Twang!

Hollywood producer Ray Stark makes a cameo appearance.

Before we all sit down to discuss ROBIN AND MARIAN on Friday, there are a few background facts I want to spout out, as perhaps forming a useful context to the film and the director’s intentions. Richard Lester, the gleaming dome of British sixties cinema, had somewhat reinvented himself after a forced break of four years, coming back with THE THREE MUSKETEERS and its part two (not really a sequel as both halves were shot at once and intended as one film) THE FOUR MUSKETEERS. ROYAL FLASH came after that, firming up the idea that Lester was now a director of comedy swashbucklers. But while FLASH is more broadly farcical than MUSKETEERS (which has a distinct serious side and a fairly bittersweet ending), ROBIN AND MARIAN was shot under the title THE DEATH OF ROBIN HOOD, and was intended from the start as a serious and sombre film.

Reviewers often view one film through the lens of another — I can be guilty of this myself — meaning that what’s actually on the screen can either be intensified or obscured. If you read the contemporary reviews of R&M, it’s striking how critics seem to feel cheated, or disappointed at least, by the film’s solemnity. Lester has protested that “there’s not one deliberate joke in the whole film,” which is an exaggeration, I think — he can’t resist having a knight hurt his finger while loading a boulder into a siege machine, which subsequently misses its target pathetically — but his jokes derive from an acute awareness that life is, and always has, included a portion of the absurd and surreal. The comic moments are part of the film’s realism, not separate from it. My parents couldn’t work out if the film was meant to be serious or funny, and consequently disliked it. I kind of wonder how you can enjoy life if you need to make that distinction.

Along with altering the title (which would have served as a useful warning of what to expect in the film), producer Ray Stark rejected Michel Legrand’s score, held a competition among prominent movie composers for the gig, and hired John Barry, all without telling Lester. Barry dutifully provided the lush, filmic movie score Stark had demanded, ignoring Lester’s calls for a more restrained approach inspired by Sir Michael Tippett’s early string compositions. It’s possible to enjoy the Barry score as a typically romantic and sweeping work, but it tends to push a more light-hearted flavour at odds with the film’s true purposes. Since Lester was never able to finalize the Legrand score, a director’s cut is not possible.

Some violence has also been trimmed from the movie — Lester wanted to undercut any impression of fun action, more forcefully than he had in the MUSKETEERS film, where there’s a constant tension between slapstick and bloodshed — and this is weakened by trims made to the moments of brutality. The idea that an audience can be educated out of enjoying violence onscreen by being exposed to more and more extreme forms of it is a rather discredited one, I feel, but Lester always had the ability to bring in the unpleasant action in a surprising way, so he was not dependent on extremes of gore, but on extremes of contrast. It compares somewhat with Robert Altman’s sudden tonal shifts from comedy to horror.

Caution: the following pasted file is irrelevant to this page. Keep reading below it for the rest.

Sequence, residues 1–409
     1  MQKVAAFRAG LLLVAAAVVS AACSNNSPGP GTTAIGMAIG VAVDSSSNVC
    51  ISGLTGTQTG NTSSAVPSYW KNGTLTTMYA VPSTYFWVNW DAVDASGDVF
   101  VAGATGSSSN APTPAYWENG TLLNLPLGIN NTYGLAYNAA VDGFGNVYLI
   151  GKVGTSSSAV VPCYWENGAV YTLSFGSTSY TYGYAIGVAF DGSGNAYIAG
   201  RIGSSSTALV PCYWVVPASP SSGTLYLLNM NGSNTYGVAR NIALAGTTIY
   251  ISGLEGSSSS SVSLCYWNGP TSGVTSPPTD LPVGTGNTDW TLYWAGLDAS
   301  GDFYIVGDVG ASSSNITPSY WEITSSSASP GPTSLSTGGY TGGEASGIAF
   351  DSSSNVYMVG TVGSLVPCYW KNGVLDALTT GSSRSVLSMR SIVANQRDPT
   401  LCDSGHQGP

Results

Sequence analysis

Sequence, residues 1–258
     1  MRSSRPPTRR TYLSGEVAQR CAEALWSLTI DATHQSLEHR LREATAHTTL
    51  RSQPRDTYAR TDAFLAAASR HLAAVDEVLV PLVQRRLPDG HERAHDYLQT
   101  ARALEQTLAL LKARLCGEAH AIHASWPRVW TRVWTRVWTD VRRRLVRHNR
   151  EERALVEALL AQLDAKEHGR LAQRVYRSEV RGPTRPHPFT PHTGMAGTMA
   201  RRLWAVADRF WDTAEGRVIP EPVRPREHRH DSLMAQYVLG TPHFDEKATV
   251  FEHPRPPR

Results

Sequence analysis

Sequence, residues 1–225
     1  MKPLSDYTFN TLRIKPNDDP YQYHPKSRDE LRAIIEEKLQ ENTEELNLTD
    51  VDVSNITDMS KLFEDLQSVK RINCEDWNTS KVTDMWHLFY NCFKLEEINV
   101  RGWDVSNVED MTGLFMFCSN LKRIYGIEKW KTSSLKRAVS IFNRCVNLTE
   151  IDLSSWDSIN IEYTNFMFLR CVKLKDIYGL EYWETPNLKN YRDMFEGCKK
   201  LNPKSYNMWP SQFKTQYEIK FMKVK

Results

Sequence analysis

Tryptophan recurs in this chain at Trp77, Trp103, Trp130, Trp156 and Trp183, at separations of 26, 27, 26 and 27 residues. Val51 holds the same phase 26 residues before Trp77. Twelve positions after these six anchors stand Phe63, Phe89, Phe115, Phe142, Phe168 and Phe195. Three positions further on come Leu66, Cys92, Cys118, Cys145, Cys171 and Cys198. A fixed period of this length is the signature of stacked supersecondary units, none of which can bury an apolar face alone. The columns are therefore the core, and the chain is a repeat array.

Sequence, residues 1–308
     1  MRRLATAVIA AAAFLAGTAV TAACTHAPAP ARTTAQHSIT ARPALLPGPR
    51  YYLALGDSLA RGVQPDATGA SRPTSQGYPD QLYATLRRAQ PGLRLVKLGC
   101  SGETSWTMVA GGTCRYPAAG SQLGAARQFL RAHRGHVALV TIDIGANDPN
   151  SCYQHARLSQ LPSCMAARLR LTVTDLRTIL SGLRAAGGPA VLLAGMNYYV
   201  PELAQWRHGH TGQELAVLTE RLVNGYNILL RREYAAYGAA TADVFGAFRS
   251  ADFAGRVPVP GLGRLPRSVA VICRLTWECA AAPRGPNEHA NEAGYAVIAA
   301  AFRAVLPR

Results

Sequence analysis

Despite these compromises, I think we can have a fun time with this movie – -I hope to re-watch it tonight. Join me on Friday and Saturday for the post-match analysis.

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10 Responses to “Twang!”

  1. Tony Williams Says:

    It is a very underrated film and a deliberate change of style for Lester as you note. I only saw it on TV and was impressed by Richard Harris’s performance in the opening scene as a drunken and loutish Richard the Lionheart, a far cry from IVANHOE and the Dermot Walsh TV series of the 1950s.

  2. The first time I encountered it was on TV also, tuning in partway through and thus missing Harris altogether. So it was Robert Shaw who captured my attention on that occasion, with his intensity (and some of the best lines).

  3. Speaking of score replacements, when Joseph Losey found the score Richard Rodney Bennett had composed for The Go-Between wanting he turned to . . . .Michel Legrand.

  4. And Legrand’s score is outstanding, contributing greatly to that film’s uniquely unsettling atmosphere. I seem to recall Losey often had fraught relationships with his composers, and took a while to be convinced even in this case.

    Bennett, of course, has contributed many excellent scores to the movies, including three for Losey.

  5. Terry Walstrom Says:

    A hardcore film buff who forms expectations in advance of viewing any film does himself and the film a great disservice.
    The Director’s reputation at that point of Robin & Marian’s release was that of a madcap. Who would think otherwise?
    The subject matter of Robin Hood would lead one to expect adventure and derring do. The actor Sean Connery would lead one to expect noble heroism and a wry witty banter. The fresh-out-of-retirement Audrey Hepburn would suggest shimmering romance and rakish charm and savoir faire. The pairing of Connery and Robert Shaw would call to mind the super-exciting fight in From Russia with Love.
    Well, those expectations were not met fully, certainly.
    The tone of the movie was bittersweet at best and pedestrian at worst–IF you were expecting all of the aforementioned chemistry.
    The autumnal tone of Lester’s intentional anti-romanticism served up a surprising gem of a film (expectations aside). The John Barry score rescued the enterprise from bleakness and anticlimax by humanizing the relationships without misdirecting our emotional resonance. These are heroic and beautiful people at the end of their own ability to believe in such things as practical in the world they inhabit.
    Michel Legrand’s tonal chamber music score has the warmth of Psycho while remaining a perfect fit for Lester’s vision. The audience may well have liked such a film if Ingmar Bergman was at the helm.